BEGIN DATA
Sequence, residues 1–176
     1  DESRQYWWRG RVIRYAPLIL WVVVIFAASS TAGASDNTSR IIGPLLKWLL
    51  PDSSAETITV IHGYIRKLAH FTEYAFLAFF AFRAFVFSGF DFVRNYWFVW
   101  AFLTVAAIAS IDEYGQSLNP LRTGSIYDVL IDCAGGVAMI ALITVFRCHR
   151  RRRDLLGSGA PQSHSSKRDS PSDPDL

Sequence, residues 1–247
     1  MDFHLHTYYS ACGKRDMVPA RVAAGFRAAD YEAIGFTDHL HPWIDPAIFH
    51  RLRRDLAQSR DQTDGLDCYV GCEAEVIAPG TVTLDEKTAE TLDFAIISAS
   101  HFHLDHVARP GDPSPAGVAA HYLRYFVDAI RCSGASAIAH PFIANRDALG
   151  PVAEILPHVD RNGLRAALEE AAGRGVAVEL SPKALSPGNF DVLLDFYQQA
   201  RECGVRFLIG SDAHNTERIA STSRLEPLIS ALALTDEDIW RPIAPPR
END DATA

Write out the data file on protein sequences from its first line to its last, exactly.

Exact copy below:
Sequence, residues 1–176
     1  DESRQYWWRG RVIRYAPLIL WVVVIFAASS TAGASDNTSR IIGPLLKWLL
    51  PDSSAETITV IHGYIRKLAH FTEYAFLAFF AFRAFVFSGF DFVRNYWFVW
   101  AFLTVAAIAS IDEYGQSLNP LRTGSIYDVL IDCAGGVAMI ALITVFRCHR
   151  RRRDLLGSGA PQSHSSKRDS PSDPDL

Sequence, residues 1–247
     1  MDFHLHTYYS ACGKRDMVPA RVAAGFRAAD YEAIGFTDHL HPWIDPAIFH
    51  RLRRDLAQSR DQTDGLDCYV GCEAEVIAPG TVTLDEKTAE TLDFAIISAS
   101  HFHLDHVARP GDPSPAGVAA HYLRYFVDAI RCSGASAIAH PFIANRDALG
   151  PVAEILPHVD RNGLRAALEE AAGRGVAVEL SPKALSPGNF DVLLDFYQQA
   201  RECGVRFLIG SDAHNTERIA STSRLEPLIS ALALTDEDIW RPIAPPR